In Therapy, The Issue Of Change Is Both Complex And Essential
As a NYC therapist and a human who believes in growth, I can’t imagine an issue of more concern to me than change. My ideas about change can be broken down into a three-part thesis: People change. The world changes. People can change themselves and the world.
On the one hand, these seem like simple and self-apparent statements, but the nature of change is one of the oldest points of inquiry in philosophy. In the 5th century BC, Heraclitus famously said, “The only constant is change.” This was a literally paradigm shifting statement. Besides philosophy, the notion change enters into my NYC therapy practice frequently.
Do You Believe In Change?
Patients come to therapy for both change and development. But, change and development are two different things–development is progressive while change is arbitrary in its vector. In order to believe in development, though, one has to believe in change, meaning we must believe it’s a thing humans can do.
A belief in change is at the core of progressivism (in regards to progressive art, progressive science, and also, yes, progressive politics, as juxtaposed against conservative politics).The belief that people cannot change or the structure of the world cannot change (Don’t bother with your revolution–it won’t matter anyway) is a profoundly conservatizing force. In order for progressives to believe things can and should change as a part of making the world better, they must first believe things can and do change. So too for ourselves.
The Nature Versus Nurture Debate
It’s worth noting the current winning streak that nature has in the nature versus nurture debate. We are in the midst of a period of great discovery relative to gene science, fMIR’s. There’s something of a fixation with the idea that most of who we are is fixed at birth including our intelligence, personality and disorders like depression or anxiety. People are, the story goes, more prone to depression, smarter, or less smart, etc.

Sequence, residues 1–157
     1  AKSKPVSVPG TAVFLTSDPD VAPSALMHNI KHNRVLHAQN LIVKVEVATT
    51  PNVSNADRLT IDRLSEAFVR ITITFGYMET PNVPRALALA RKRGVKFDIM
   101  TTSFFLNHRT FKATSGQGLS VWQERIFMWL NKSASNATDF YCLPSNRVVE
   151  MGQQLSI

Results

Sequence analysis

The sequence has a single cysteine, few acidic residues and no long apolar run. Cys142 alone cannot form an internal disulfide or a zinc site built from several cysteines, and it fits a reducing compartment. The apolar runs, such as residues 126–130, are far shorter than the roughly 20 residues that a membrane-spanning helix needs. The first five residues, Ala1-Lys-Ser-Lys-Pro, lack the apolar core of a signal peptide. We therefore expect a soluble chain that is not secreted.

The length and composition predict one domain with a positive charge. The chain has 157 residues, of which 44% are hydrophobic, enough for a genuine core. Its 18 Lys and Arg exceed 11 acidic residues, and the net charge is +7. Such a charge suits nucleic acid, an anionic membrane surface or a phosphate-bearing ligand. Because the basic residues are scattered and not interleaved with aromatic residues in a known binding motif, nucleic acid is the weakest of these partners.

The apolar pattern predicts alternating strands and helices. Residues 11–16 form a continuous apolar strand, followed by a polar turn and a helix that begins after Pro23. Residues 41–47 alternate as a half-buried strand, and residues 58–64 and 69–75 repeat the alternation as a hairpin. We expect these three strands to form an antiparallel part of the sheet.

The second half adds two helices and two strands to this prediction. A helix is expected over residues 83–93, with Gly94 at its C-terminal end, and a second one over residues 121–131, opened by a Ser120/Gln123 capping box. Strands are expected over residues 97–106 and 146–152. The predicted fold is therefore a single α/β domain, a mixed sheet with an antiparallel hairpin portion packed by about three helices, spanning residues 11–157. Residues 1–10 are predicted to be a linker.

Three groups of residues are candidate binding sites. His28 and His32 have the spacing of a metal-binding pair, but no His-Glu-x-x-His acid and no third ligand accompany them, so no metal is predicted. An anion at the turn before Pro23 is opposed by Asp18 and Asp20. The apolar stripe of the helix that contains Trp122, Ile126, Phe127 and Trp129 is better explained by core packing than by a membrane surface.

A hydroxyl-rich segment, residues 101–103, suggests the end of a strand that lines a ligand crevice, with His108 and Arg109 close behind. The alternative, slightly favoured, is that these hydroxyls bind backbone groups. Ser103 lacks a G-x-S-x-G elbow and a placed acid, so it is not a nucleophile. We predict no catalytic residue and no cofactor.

It’s a bit tough to take the “both” position in the nature versus nurture argument, but it’s my position and one I think is important. I do suspect that some people are genetically, “naturally” disposed in one way or another. Of course, it’s true that we have traits we are born with that we, more or less, inherit from our parents. Some people are more shy, while others are more free-spirited.
The role of nurture, though, is underappreciated. I’ve seen the influence of trauma and neglect, as well as caring and nurturing. I’ve seen kids with dyslexia become phenomenal spellers and adults with depression become truly happy. Nurture matters.
Yes, People Can Change, But It’s A Matter Of Influence
What about the whole “people don’t change” statement we frequently hear? I’ll be honest, it’s a phrase I know to be troubling philosophically and yet, I find myself using it on occasion. The best assessment is it’s simply imprecise. Perhaps it would be better to say, “There are people in the world who are not interested in changing,” or “There are people in the world who aren’t going to change on the timeline or manner we want them to.” Or simply, “Your bonehead boss isn’t going to stop being a bonehead.” There are things we can influence and things we cannot. Learning the difference is as close of a definition of wisdom as I’ve got.
The question of influence here is critical. We can influence people by authority and they’ll change. We can also influence them by winning them over and they’ll change. The difference between the two is important: in order to affect change, you’ve got to have one of two things present: either the authority to make it happen or a party that is interested in change. Simply, we can’t change others who aren’t interested in being changed by us, short of whatever authority we may have. This is also true for ourselves.
Just Because Change Is Possible Doesn’t Mean You Have To Want It
Plenty of people don’t want to change–change is hard and uncomfortable. I think we, in thinking about change, also have to make it more okay to not want to change. Maybe you’re not interested in dropping 30lbs or getting a more competitive job. I hate the idea of people not changing by virtue of believing that they cannot change and change isn’t possible. But, it’s important to make the distinction that wanting to and being able to are two different things.
Change is often freaking hard and it can be painful. It has to be okay for someone to decide not to go through all of that right now. And we have to respect that fight. We can present our wish that the people we care about change as a real choice. Otherwise, we end up demanding that people change and dragging them through the process, making ourselves miserable along the way.